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Phil 335 20th Century Analytic Philosophy Fall 2012 Prof. Kevin C. Klement (Please call me Kevin.) Mon.

n., Wed., Fri. 1:252:15pm in 206 Bartlett Course description: Analytic philosophy is a movement in, and style of, philosophy that began in Britain and America in the early 20th century, and continues to dominate academic philosophy in the English-speaking world. In this course, we examine some of the most important works of this movement. The topics well cover include philosophical analysis, logical form, logical atomism, logical positivism and the linguistic turn in philosophy. Contact info: My ofce is 358 Bartlett Hall. My ofce phone is 545-5784. My ofce hours are Mondays 2:303:30pm, Wednesdays 12:151:15pm and by appt. You may also e-mail me at klement@philos.umass.edu. Webpages: We have a homepage at http://courses.umass.edu/phil335/ but most content is on our Moodle page: https://moodle.umass.edu/course/view.php?id=2 49. Texts: These are available at the Textbook annex; electronic copies are also on Moodle. A. J. Ayer, Language, Truth and Logic (Dover 1952). Saul Kripke, Naming and Necessity (Harvard Univ. Press 1982). Bertrand Russell, The Philosophy of Logical Atomism (Open Court 1985). Ludwig Wittgenstein, Philosophical Investigations (rev. 4th ed., WileyBlackwell 2009). Course requirements: Your nal grade is based on the following: (1) in-class participation (worth up to 50/600 pts.), (2) four take-home exams (worth up to 100 pts. each/600), and (3) regular quizzes (worth up to 150/600 pts., curved). Exams: You will be given four take-home exams, one for each major work we will be reading. These will be in essay format: in effect, you will be writing several short papers. For some exams, I may ask you to write one long (56 page) essay, and for others I may ask you to write two or more shorter (e.g., 23 page) essays. You will usually have a choice of topics or questions to answer, depending on the exam. The exams will be handed out approximately two weeks ahead of their due dates, which are listed tentatively on the reverse side. Exams must be submitted electronically through Moodle. As a condition of continued enrollment in this course, you agree to submit all exams to the Turnitin service for textual comparison or originality review for the detection of possible plagiarism. All submitted assignments will be included in the UMass Amherst dedicated database of assignments at Turnitin and will be used solely for the purpose of checking for possible plagiarism during the grading process and during this term and in the future. Quizzes: Just about every week, I will be giving a short 510 minute quiz on the material covered since the previous quiz. These quizzes may require you to provide one or two short essays (45 sentences), including dening terms, clarifying arguments, and explaining/discussing main philosophical theses, or may consist of multiple choice questions covering the philosophical views or texts in the assigned reading for that class session. Participation: You are expected to attend class regularly and participate by asking questions, and raising points for discussion.

Reading Schedule (Subject to change!)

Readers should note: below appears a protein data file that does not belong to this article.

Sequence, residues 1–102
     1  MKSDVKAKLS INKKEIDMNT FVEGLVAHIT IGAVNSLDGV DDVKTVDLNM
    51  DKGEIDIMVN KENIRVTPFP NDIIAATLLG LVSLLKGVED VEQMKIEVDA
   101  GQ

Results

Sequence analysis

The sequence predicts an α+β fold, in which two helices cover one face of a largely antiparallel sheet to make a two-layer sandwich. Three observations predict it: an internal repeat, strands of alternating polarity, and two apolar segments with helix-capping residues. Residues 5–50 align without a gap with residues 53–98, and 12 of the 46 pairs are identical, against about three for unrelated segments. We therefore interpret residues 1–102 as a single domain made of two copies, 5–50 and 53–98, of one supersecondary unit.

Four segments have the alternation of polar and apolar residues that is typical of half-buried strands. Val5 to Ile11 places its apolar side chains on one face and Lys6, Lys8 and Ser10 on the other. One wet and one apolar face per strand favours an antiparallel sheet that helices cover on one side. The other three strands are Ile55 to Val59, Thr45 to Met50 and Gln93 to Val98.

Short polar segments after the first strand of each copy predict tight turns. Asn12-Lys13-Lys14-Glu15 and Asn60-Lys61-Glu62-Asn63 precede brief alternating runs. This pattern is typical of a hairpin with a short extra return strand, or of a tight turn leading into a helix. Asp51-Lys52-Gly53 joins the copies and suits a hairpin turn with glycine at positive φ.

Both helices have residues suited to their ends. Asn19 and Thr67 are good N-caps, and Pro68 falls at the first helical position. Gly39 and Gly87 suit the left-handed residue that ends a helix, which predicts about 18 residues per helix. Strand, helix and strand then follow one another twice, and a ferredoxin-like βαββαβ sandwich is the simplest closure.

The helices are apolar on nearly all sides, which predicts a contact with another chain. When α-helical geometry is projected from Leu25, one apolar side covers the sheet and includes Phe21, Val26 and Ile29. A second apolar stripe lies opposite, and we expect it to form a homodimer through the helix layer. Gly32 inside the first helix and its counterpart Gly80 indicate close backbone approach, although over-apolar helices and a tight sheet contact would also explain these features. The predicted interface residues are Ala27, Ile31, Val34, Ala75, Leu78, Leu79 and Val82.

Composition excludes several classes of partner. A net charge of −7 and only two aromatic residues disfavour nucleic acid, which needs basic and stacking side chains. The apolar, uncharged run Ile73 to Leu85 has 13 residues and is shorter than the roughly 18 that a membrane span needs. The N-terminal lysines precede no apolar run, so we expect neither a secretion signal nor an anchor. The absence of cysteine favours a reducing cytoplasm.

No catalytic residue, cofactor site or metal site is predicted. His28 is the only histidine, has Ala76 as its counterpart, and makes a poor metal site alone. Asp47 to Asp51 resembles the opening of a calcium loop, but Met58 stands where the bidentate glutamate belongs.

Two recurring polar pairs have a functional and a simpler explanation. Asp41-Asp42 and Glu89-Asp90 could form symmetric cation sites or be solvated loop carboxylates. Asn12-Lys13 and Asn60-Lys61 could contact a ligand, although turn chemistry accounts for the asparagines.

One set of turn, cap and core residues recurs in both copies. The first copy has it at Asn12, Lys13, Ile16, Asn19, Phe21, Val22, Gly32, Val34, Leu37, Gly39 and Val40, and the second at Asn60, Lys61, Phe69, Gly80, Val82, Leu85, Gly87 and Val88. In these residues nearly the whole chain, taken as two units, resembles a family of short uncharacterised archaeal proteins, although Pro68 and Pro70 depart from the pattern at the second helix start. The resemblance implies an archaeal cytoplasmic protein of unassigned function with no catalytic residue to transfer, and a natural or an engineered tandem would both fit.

Note: Asterisks * mark likely quiz dates.
Date W Sept 5 F Sept 7 M Sept 10 W Sept 12* F Sept 14 M Sept 17 W Sept 19 F Sept 21* M Sept 24 W Sept 26 F Sept 28* M Oct 1 W Oct 3 F Oct 5 M Oct 8 Tu Oct 9* W Oct 10 F Oct 12 M Oct 15* W Oct 17 F Oct 19 M Oct 22* W Oct 24 F Oct 26 M Oct 29 W Oct 31 F Nov 2* M Nov 5 W Nov 7 F Nov 9* M Nov 12 W Nov 14 F Nov 16 M Nov 19 W Nov 21 F Nov 23 M Nov 26* W Nov 28 F Nov 30 M Dec 3* W Dec 5 F Dec 7 FINALS Material Covered Course introduction Background lectures Background lectures Russell, The Philosophy of Logical Atomism, Lecture I (pp. 3549) Russell, The Philosophy of Logical Atomism, Lecture II (pp. 4985) Russell, The Philosophy of Logical Atomism, Lecture III (pp. 6579) Russell, The Philosophy of Logical Atomism, Lecture IV (pp. 7993) Russell, The Philosophy of Logical Atomism, Lecture V (pp. 93108) Russell, The Philosophy of Logical Atomism, Lecture VI (pp. 109123) Russell, The Philosophy of Logical Atomism, Lecture VII (pp. 123140) Russell, The Philosophy of Logical Atomism, Lecture VIII (pp. 141-155) Russell, The Philosophy of Logical Atomism, recap Transition lecture: Logical Positivism Ayer, Language, Truth and Logic, Chap. I (pp. 3345); EXAM 1 DUE Columbus day. Class moved to Tuesday. Ayer, Language, Truth and Logic, Chap. II (pp. 4659) Ayer, Language, Truth and Logic, Chap. III (pp. 5971) Ayer, Language, Truth and Logic, Chap. IV (pp. 7187) Ayer, Language, Truth and Logic, Chap. V (pp. 87102) Ayer, Language, Truth and Logic, Chap. VI (pp. 102120) Ayer, Language, Truth and Logic, Chap. VII (pp. 120133) Ayer, Language, Truth and Logic, Chap. VIII (pp. 133153) Ayer, Language, Truth and Logic, recap Transition lecture: The early and later Wittgenstein Wittgenstein, Philosophical Investigations, 121; EXAM 2 DUE Wittgenstein, Philosophical Investigations, 2237 Wittgenstein, Philosophical Investigations, 3888 Wittgenstein, Philosophical Investigations, 89142 Wittgenstein, Philosophical Investigations, 143242 Wittgenstein, Philosophical Investigations, 243317 Veterans day. No class. Wittgenstein, Philosophical Investigations, recap Transition lecture: Late 20th Century Analytic Philosophy Kripke, Naming and Necessity, start of lecture I (pp. 2247); EXAM 3 DUE Kripke, Naming and Necessity, end of lecture I (pp. 4770) Thanksgiving break. No class. Kripke, Naming and Necessity, start of lecture II (pp. 7191) Kripke, Naming and Necessity, end of lecture II (pp. 91105) Kripke, Naming and Necessity, start of lecture III (pp. 106126) Kripke, Naming and Necessity, middle of lecture III (pp. 126140) Kripke, Naming and Necessity, end of lecture III (pp. 140155) Kripke, Naming and Necessity, recap EXAM 4 DUE by 5pm on Sat., Dec. 15th